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Urticaria Associated with Acute Viral Hepatitis Type B: Studies of Pathogenesis

JULES L. DIENSTAG, M.D.; ARTHUR R. RHODES, M.D.; ATUL K. BHAN, M.D.; ANN M. DVORAK, M.D.; MARTIN C. MIHM Jr., M.D.; and JACK R. WANDS, M.D.
[+] Article and Author Information

Grant support: from the National Institutes of Health (AM-18729, CA-19393, AM-19124, CA-19141, T32 AM-07191-02, AM-20309, and AA-02226). Dr. Wands is the recipient of Clinical Investigator Award AM-00127 from the National Institutes of Health.

▸Requests for reprints should be addressed to Jules L. Dienstag, M.D.; Gastrointestinal Unit, Massachusetts General Hospital; Boston, MA 02114.


Boston, Massachusetts


© 1978 American College of PhysiciansAmerican College of Physicians


Ann Intern Med. 1978;89(1):34-40. doi:10.7326/0003-4819-89-1-34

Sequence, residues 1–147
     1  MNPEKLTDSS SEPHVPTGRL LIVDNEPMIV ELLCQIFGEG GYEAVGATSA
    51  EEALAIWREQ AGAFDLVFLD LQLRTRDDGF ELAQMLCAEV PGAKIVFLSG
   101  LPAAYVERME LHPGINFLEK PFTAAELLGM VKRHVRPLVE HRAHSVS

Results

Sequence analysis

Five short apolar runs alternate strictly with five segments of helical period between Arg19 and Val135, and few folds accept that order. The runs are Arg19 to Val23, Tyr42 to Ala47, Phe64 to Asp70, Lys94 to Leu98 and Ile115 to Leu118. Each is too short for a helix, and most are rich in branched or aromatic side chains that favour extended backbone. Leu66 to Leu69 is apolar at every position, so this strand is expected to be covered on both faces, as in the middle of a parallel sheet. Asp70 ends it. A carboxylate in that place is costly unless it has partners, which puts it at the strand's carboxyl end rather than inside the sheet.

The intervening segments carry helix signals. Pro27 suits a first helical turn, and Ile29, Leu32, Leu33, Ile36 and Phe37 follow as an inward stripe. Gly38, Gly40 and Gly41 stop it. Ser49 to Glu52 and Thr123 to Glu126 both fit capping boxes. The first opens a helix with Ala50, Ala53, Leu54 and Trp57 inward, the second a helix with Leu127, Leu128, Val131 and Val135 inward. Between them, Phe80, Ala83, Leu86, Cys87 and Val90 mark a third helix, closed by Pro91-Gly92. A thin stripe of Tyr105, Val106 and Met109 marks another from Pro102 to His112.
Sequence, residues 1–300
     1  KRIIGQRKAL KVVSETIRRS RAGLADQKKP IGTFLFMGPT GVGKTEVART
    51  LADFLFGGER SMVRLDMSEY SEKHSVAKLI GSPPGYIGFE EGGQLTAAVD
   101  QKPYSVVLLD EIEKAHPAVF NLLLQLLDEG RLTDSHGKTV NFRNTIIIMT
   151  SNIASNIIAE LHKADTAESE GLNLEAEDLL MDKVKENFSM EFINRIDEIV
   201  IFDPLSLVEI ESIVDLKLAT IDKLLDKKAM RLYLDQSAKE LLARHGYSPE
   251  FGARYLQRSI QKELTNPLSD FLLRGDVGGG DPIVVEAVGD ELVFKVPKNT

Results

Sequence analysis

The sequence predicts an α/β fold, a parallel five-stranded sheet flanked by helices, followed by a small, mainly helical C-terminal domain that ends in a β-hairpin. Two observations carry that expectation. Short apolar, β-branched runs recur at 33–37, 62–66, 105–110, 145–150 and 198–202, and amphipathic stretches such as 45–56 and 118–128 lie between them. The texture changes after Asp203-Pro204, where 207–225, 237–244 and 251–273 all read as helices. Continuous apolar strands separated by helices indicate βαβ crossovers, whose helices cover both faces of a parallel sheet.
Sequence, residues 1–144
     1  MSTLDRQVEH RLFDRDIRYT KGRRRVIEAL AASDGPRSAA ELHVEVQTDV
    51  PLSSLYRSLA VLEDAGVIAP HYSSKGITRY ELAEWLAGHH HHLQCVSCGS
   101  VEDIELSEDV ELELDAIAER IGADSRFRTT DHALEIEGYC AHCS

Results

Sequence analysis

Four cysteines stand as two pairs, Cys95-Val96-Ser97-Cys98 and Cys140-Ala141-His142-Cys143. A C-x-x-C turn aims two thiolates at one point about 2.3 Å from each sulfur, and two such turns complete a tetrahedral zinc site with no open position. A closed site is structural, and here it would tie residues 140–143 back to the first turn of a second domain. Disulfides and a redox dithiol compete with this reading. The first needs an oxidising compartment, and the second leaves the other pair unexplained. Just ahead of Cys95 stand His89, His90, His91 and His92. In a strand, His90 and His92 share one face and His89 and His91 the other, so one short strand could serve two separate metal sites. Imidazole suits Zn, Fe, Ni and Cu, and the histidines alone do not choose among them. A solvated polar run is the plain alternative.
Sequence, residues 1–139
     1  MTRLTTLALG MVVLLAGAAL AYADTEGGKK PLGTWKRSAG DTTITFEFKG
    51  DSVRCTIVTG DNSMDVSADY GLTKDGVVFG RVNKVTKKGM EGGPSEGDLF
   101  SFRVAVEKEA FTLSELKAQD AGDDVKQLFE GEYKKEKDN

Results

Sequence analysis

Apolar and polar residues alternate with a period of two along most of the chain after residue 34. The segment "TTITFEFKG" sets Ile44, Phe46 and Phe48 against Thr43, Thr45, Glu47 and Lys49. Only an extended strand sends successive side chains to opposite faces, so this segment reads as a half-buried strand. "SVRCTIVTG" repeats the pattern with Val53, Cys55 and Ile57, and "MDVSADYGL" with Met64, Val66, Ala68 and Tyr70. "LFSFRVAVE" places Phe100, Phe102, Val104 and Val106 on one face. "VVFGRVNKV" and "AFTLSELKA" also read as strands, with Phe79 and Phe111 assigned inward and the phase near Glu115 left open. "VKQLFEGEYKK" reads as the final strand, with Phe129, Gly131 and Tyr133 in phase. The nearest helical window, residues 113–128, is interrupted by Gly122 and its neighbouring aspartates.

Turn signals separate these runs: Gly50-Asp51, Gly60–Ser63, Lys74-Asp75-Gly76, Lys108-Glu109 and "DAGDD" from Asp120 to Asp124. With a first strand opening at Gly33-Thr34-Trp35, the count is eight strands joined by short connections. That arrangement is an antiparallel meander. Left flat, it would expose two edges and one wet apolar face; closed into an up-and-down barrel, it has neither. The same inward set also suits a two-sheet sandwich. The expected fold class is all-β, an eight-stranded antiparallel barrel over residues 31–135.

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To determine whether skin deposition of circulating immune complexes contributes to prodromal urticaria of acute hepatitis B, we studied two patients with hepatitis B who presented with urticaria and fever. During the urticarial prodrome but not thereafter, we found activation of both classic and alternative complement pathways. Hepatitis B surface antigen (HBsAg)-antibody complexes were identified (by electron microscopy) in cryoprecipitates from both patients and IgG (by immunodiffusion) in cryoprecipitates of one patient during urticaria. Light and electron microscopy of involved urticarial skin revealed necrotizing venulitis in both patients. Immunofluorescence microscopy showed fibrin within involved cutaneous vessel walls in one patient and C3, IgM, and HBsAg, which were not detected in simultaneously obtained uninvolved skin, in both patients. Our findings suggest that deposition of circulating immune complexes containing HBsAg is important in the pathogenesis of urticaria associated with acute hepatitis B virus infection.

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